HMGB1 as a therapeutic target in disease.

High-mobility group box 1 (HMGB1) was initially recognized as a ubiquitous nuclear protein involved in maintaining the nucleosome integrity and facilitating gene transcription. HMGB1 has since been reevaluated to be a prototypical damage-associated molecular pattern (DAMP) protein, and together with its exogenous counterpart, pathogen-associated molecular pattern (PAMP), completes the body's alarmin system against disturbances in homeostasis. HMGB1 can be released into the extracellular matrix (ECM) by either granulocytes or necrotic cells to serve as a chemotaxis/cytokine during infection, endotoxemia, hypoxia, ischemia-reperfusion events, and cancer. Different isoforms of HMGB1 present with distinctive physiological functions in ECM-fully-reduced HMGB1 (all thiol) acts as the initial damage signal to recruit circulating myeloid cells, disulfide HMGB1 behaves as a cytokine to activate macrophages and neutrophils, and both signals are turned off when HMGB1 is terminally oxidized into the final sulfonate form. Targeting HMGB1 constitutes a favorable therapeutic strategy for inflammation and inflammatory diseases. Antagonists such as ethyl pyruvate inhibit HMGB1 by interfering with its cytoplasmic exportation, while others such as glycyrrhizin directly bind to HMGB1 and render it unavailable for its receptors. The fact that a mixture of different HMGB1 isoforms is present in the ECM poses a challenge in pinpointing the exact role of an individual antagonist. A more discriminative probe for HMGB1 may be necessary to advance our knowledge of HMGB1, HMGB1 antagonists, and inflammatory-related diseases.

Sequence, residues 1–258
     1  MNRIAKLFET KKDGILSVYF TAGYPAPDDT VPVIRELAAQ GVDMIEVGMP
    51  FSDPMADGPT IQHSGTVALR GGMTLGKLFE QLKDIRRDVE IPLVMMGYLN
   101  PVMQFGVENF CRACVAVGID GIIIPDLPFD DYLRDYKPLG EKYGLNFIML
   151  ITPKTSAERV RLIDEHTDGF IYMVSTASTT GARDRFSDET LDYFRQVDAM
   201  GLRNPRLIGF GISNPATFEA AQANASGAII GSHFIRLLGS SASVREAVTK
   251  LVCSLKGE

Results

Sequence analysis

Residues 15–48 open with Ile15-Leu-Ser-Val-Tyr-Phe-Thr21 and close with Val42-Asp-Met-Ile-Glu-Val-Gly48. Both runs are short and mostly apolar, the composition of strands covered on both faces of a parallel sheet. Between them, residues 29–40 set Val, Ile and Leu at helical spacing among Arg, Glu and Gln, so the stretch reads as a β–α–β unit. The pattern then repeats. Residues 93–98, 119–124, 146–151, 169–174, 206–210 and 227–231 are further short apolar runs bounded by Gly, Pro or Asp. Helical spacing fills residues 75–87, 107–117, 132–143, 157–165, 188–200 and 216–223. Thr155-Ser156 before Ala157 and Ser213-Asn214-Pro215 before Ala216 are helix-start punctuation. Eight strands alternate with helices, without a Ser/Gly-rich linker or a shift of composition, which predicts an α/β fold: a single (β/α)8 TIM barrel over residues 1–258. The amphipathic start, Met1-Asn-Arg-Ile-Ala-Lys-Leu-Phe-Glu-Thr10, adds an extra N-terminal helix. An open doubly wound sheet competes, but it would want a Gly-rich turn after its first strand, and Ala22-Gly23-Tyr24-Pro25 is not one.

Carbone M, Gaudino G, Li S, Minaai M, Pass HI, Suarez JS, Xue J, Yang H


J Cell Physiol, 2021, 236 (5)

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